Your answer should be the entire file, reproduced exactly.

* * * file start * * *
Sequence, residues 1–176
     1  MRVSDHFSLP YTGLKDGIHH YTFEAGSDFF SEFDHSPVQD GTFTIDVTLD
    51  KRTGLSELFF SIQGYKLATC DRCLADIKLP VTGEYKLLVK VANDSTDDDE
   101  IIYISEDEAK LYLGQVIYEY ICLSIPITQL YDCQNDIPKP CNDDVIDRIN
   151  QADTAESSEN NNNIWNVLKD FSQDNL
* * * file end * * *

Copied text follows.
Sequence, residues 1–176
     1  MRVSDHFSLP YTGLKDGIHH YTFEAGSDFF SEFDHSPVQD GTFTIDVTLD
    51  KRTGLSELFF SIQGYKLATC DRCLADIKLP VTGEYKLLVK VANDSTDDDE
   101  IIYISEDEAK LYLGQVIYEY ICLSIPITQL YDCQNDIPKP CNDDVIDRIN
   151  QADTAESSEN NNNIWNVLKD FSQDNL